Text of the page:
The U.S. military said it had degraded the number of Islamic State (ISIS/ISIL) fighters in Afghanistan by an estimated 80 percent to about 600 jihadists before dropping the largest non-nuclear bomb on the terrorist group on Thursday.
“As ISIS-K’s losses have mounted, they are using [improvised bombs], bunkers and tunnels to thicken their defense,” said Army Gen. John W. Nicholson, top commander of U.S. and NATO forces, after the U.S. strike on the jihadist group in Afghanistan.“This is the right munition to reduce these obstacles and maintain the momentum of our offensive against ISIS-K.”VIDEOU.S. drops mega-bomb on ISIS caves in AfghanistanThe Pentagon confirmed that the U.S. military dropped the “mother of all bombs,” officially known as the GBU-43/B Massive Ordnance Air Blast, on an Islamic State tunnel complex in Achin district, located in eastern Afghanistan’s Nangarhar province, marking the first time the massive 21,600-pound bomb was used in battle.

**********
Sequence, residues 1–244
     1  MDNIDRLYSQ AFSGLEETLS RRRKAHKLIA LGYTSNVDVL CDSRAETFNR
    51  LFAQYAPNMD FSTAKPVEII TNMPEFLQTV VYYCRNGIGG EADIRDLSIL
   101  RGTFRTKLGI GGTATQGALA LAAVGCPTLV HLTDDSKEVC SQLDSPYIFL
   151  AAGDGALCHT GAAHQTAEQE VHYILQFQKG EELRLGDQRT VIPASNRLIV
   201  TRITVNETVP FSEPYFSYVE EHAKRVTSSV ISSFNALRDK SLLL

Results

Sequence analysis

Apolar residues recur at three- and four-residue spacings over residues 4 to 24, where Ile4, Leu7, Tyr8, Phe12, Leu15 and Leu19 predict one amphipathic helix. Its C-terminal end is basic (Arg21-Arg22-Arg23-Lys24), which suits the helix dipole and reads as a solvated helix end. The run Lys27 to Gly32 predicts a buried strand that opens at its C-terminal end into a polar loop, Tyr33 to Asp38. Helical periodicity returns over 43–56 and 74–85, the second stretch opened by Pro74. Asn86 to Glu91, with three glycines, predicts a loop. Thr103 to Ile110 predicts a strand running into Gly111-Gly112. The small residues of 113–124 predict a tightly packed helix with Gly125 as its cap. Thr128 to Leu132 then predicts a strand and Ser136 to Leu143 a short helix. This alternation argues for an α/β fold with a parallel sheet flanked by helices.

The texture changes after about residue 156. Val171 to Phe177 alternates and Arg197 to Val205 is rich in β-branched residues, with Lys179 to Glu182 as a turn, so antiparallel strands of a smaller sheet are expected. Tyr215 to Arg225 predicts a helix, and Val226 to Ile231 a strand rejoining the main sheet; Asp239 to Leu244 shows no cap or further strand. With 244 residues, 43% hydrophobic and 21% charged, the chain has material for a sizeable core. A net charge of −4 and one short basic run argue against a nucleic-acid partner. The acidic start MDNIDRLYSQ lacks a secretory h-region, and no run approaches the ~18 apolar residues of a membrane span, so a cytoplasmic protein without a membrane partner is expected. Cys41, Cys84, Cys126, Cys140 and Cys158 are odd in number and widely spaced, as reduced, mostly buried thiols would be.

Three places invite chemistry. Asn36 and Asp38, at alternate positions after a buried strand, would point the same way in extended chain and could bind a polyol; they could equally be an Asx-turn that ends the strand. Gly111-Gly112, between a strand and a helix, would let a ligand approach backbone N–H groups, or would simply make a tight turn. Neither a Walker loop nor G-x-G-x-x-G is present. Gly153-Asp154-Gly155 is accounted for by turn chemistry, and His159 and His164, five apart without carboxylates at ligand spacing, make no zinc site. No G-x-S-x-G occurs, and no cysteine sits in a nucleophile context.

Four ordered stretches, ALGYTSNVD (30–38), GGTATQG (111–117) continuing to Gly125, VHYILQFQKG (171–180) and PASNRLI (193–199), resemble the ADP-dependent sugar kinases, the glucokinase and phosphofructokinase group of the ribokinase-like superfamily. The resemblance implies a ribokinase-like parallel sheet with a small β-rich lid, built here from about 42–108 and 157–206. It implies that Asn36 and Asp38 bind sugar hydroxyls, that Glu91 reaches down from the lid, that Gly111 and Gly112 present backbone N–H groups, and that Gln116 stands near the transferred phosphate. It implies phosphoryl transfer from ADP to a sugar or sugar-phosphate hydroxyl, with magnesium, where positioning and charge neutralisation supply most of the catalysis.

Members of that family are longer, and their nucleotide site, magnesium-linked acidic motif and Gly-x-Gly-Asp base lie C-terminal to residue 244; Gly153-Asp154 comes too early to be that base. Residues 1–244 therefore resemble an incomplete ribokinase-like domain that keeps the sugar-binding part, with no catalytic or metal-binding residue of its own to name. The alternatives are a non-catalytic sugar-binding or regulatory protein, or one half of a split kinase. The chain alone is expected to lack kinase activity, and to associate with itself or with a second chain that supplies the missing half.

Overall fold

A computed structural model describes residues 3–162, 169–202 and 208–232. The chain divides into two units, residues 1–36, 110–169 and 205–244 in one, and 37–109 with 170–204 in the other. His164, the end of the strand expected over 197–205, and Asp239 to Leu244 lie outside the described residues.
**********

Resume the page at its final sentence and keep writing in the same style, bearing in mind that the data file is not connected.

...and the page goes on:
U.S. military officials have identified eastern Afghanistan’s opium-rich Nangarhar province, located along the country’s border with Pakistan, as the group’s primary stronghold in the region.
ISIS officially established a branch in the Afghanistan-Pakistan region, dubbed the Khorasan Province (IS-KP/ISIS-K) in January 2015, less than a month after former President Barack Obama and NATO announced an end to their combat mission in Afghanistan.
The end of combat declaration came with a substantial reduction of coalition forces, allowing the number of ISIS-K fighters to reach 3,000 at its peak.